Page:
Bambino Cats: Bald and Short-legged
What do you get when you cross a bald cat with a short-legged one? The answer is the bambino cat, an animal without hair and with legs that are shorter than those of most of its species. Bambino cats are so adorable and loving that, as their Italian name suggests, they’ll remind you of a baby or small child.
A hairless animal with short legs
When American breeders Pat and Stephanie Osborne crossed a short-legged Munchkin with a Sphynx hairless cat in 2005, they were, without a doubt thinking of themselves, and not of the animals they were producing.
And this is true for all those humans who take advantage of genetic mutations that rarely occur naturally in order to create new breeds of cats, dogs or any other species.
How else can you explain the craze for creating, in this case, hairless kittens, who are so prone to skin problems and that suffer in the cold? And, on top of that, they have short legs, although their back legs are usually a little longer than the front ones.
Despite this, Bambino cats are already accepted by feline associations, at least as an experimental breed. What’s more, they’re more than welcome in any home that wants to have one as a loved and cared-for pet.
The Bambino cat is a small, hairless, short-legged cat that’s sure to win the hearts of the whole family with its fun and affectionate character.
Characteristics of bambino cats
Usually classified as a dwarf cat, bambino cats share their short legs with other breeds such as Dwelf, Minskin and Lambkin. They also stand out for their bald appearance, although they have an imperceptible coat of hair that’s as soft as chamois leather to the touch. And its skin, in general, is pink and wrinkled.
But it also has the following characteristics:
- Small to medium size, with males weighing between 2 and 4 kilograms and females weighing between 2 and 3
- A muscular body with a robust appearance, a wide chest, and round abdomen
- A head that’s longer than it is wide, and wedge-shaped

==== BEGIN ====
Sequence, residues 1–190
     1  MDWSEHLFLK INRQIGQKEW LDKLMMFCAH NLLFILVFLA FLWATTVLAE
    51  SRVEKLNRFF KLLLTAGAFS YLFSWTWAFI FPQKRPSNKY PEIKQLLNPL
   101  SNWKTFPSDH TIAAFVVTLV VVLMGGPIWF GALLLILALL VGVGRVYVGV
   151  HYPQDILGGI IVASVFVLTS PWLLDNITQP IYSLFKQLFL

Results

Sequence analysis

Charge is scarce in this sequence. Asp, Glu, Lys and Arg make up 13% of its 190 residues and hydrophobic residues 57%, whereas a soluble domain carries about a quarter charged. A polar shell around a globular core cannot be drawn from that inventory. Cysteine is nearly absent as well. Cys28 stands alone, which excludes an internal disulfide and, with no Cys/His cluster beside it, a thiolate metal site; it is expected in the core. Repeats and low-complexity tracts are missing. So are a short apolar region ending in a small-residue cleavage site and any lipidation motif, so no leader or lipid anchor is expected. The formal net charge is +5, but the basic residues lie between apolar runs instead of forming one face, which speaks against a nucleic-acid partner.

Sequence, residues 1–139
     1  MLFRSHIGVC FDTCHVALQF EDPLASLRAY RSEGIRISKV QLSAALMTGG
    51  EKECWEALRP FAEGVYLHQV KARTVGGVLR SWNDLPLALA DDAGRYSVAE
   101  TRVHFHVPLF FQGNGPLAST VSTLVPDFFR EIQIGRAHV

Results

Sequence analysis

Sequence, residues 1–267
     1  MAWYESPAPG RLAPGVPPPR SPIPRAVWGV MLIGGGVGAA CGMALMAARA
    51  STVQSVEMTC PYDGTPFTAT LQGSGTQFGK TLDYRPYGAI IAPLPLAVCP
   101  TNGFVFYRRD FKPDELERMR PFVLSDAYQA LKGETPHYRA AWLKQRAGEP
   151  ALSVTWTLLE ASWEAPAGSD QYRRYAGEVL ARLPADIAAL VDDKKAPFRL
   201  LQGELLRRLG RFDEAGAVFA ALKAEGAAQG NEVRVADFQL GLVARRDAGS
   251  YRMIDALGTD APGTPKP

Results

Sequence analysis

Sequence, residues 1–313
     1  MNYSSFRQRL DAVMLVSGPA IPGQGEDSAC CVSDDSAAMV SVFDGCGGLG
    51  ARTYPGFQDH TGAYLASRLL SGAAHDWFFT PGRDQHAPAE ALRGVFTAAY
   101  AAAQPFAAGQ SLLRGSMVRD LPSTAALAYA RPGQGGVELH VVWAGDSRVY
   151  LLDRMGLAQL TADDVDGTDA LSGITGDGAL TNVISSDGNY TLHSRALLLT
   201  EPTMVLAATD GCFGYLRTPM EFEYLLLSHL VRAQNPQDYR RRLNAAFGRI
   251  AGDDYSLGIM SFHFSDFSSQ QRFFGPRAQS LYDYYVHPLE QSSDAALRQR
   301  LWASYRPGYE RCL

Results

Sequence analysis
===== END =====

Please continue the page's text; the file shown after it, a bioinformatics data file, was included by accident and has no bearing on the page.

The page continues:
- Large, round, and expressive eyes
- Eyebrows and whiskers that are very short or altogether absent
- Large erect ears, as if in a state of alert, with moderately pointed tips
- A thick and strong neck
- A long, thin, and flexible tail with a pointed tip that may have a strand of hair
An energetic, playful and cuddly kitty
Without a doubt, the bambino requires a human family that will love it and that can give it all the attention it requires. Like all indoor cats, you have to think of games and toys to keep them entertained.
Sociable, funny, and affectionate, they get along well with children, older people, and other pets in the home. And, as is usually the case with many short beings, Bambino cats have a great personality.
Luckily, everything seems to indicate that their short legs don’t keep them from running or jumping around the house. However, they also love to be picked up and held, and will gladly take a nap on their owner’s lap.
Special care for hairless cats
Given the unique characteristics of bambino cats, it’s important to be aware of the special care they need. Like all bald kittens, the bambino requires regular bathing to keep its skin clean, supple and soft. The fact is that breeds with little or no fur usually shed a lot of sebum from their skin.
If hygiene isn’t regular, besides becoming sticky to the touch, the animal may have dermatological problems. For this reason, if the animal hasn’t gotten used to bathing from a young age, you can resort to using wet towels, according to the veterinarian’s indications.
Special care must be taken to clean their ears and eyes. And, of course, you should avoid exposure to the sun and cold. Plus you must feed them a diet appropriate to their characteristics. There’s a reason why nature insists on putting hair where humans want to remove it.
This breed is considered a healthy animal, with a life expectancy of between 12 and 14 years. And, for the moment, its short legs don’t seem to cause it any spinal problems. Just the same, being a recent breed, it’s not yet possible to establish reliably whether there’s a chance of developing diseases typical of the breed.It might interest you...